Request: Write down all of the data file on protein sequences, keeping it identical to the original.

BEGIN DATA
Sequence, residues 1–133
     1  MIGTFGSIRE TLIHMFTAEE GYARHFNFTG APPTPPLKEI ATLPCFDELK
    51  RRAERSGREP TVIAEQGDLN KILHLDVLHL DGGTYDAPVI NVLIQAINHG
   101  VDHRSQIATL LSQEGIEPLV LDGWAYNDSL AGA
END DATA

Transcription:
Sequence, residues 1–133
     1  MIGTFGSIRE TLIHMFTAEE GYARHFNFTG APPTPPLKEI ATLPCFDELK
    51  RRAERSGREP TVIAEQGDLN KILHLDVLHL DGGTYDAPVI NVLIQAINHG
   101  VDHRSQIATL LSQEGIEPLV LDGWAYNDSL AGA